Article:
College students needed to fill agronomist shortage

College students needed to fill agronomist shortage

One of the job categories in agriculture facing a talent shortage is agronomy.

"First and foremast, I think it's a lack of enthusiasm at a young age to get into the field of agronomy and agriculture, in general. A deficiency in the number of graduates to the demand of the industry, we're talking at least two to 3,000 individuals short graduating from college every year. So the demand's there," said Eric Welsh, of the American Society of Agronomy.

Welsh added there is not a strict agronomy degree from most colleges, with agronomic education coming in the form of plant pathology or crop sciences.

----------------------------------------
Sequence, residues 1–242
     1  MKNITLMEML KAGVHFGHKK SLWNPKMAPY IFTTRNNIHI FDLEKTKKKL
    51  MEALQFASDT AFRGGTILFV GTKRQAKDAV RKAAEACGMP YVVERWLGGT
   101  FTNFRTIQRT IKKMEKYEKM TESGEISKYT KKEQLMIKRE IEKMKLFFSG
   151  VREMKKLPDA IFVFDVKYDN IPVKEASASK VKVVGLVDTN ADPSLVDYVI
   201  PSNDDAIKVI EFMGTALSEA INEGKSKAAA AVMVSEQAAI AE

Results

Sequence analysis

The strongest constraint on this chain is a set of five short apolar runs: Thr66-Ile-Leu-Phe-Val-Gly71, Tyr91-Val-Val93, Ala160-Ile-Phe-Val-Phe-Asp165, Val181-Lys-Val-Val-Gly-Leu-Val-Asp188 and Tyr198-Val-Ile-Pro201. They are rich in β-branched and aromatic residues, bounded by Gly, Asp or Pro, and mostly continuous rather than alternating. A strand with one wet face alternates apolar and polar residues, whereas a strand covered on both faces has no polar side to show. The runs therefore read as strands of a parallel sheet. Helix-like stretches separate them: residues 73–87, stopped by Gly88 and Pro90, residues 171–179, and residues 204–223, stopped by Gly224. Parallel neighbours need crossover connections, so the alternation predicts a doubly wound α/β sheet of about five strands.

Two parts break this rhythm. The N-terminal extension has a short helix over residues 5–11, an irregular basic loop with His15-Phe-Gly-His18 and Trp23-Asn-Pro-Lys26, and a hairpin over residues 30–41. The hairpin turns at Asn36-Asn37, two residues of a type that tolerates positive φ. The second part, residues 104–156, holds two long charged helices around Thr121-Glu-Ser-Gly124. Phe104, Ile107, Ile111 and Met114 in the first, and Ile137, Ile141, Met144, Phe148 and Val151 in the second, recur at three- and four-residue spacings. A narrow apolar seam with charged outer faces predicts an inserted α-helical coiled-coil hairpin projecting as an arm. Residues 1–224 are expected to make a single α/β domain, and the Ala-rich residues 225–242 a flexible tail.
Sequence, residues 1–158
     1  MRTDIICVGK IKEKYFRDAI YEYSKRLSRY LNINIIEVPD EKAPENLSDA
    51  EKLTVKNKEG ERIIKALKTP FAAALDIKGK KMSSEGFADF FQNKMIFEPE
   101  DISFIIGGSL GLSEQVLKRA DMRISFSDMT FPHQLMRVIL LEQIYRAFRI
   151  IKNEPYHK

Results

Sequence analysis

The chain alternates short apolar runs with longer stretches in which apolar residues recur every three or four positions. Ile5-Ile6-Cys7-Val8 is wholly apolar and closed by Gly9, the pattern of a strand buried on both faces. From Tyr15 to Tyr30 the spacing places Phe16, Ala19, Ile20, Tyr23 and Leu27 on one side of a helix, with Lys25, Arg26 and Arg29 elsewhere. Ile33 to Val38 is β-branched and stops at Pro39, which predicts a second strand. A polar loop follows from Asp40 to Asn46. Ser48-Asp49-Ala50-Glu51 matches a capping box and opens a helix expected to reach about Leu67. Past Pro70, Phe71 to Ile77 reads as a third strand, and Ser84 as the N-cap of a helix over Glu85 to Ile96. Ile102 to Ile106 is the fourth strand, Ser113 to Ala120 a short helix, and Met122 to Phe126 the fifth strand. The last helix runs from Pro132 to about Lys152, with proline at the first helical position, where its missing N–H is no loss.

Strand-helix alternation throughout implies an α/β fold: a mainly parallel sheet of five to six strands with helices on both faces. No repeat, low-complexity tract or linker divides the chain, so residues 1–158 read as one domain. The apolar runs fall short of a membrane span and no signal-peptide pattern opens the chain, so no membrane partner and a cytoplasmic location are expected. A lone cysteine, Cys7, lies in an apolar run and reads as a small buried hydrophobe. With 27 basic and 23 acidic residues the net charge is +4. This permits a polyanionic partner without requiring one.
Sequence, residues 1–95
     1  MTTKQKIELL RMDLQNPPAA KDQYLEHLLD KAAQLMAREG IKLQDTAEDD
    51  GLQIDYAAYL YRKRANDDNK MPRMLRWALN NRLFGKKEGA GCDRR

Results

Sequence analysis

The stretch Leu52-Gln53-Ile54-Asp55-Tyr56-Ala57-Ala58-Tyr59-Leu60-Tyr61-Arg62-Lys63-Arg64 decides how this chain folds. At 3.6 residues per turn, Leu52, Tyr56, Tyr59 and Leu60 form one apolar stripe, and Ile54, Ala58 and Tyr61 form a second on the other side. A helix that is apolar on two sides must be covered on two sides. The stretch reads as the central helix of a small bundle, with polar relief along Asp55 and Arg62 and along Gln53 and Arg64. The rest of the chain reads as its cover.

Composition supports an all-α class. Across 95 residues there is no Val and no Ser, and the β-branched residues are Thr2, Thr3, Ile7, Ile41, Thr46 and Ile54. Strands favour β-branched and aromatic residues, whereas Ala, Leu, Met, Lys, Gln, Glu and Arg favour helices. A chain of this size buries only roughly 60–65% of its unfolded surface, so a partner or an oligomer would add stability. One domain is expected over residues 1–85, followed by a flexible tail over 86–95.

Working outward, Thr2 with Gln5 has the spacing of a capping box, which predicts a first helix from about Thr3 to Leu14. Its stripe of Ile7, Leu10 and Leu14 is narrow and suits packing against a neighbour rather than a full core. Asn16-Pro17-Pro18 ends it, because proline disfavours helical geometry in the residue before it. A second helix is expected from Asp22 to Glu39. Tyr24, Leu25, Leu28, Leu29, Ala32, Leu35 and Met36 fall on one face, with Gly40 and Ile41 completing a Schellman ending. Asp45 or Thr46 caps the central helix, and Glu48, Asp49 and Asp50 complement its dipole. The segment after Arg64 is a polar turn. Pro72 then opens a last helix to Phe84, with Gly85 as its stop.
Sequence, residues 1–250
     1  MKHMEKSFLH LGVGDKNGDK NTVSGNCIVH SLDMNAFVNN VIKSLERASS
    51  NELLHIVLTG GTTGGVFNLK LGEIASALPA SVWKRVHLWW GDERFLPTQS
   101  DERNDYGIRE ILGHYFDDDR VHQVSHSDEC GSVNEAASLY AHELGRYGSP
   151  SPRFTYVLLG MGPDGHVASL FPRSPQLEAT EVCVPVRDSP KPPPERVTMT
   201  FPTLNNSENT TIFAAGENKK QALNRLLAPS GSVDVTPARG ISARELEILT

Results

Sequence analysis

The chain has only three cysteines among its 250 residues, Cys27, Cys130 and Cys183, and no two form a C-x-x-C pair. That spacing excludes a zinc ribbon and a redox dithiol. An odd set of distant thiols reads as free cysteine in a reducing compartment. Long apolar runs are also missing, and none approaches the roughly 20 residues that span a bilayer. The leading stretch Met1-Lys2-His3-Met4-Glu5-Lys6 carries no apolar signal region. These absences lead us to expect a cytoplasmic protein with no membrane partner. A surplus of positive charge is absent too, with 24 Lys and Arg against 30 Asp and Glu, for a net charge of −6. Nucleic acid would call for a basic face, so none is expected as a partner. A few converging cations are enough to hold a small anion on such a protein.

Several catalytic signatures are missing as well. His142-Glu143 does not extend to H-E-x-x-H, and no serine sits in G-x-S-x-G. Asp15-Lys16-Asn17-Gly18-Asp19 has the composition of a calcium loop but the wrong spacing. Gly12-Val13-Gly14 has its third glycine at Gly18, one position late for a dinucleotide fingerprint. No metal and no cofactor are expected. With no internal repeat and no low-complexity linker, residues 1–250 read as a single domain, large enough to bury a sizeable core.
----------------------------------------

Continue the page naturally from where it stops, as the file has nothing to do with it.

The best way to spark student interest in the agronomy field is through mentoring.

"Most of the time, you're going to have that science-based study versus in-field application. It all leads to the same end, growing that crop. Through our mentorship that pairs up students with agronomists out in the field that's another way to get them involved, just getting more and more students experience in the field and giving them an opportunity to work day-to-day," said Welsh.

ASA has an undergraduate program called Students of Agronomy, Soils and Environmental Sciences, or SASES, which connects college students with professionals in the agronomy field.

This report is from our partners at the USDA.

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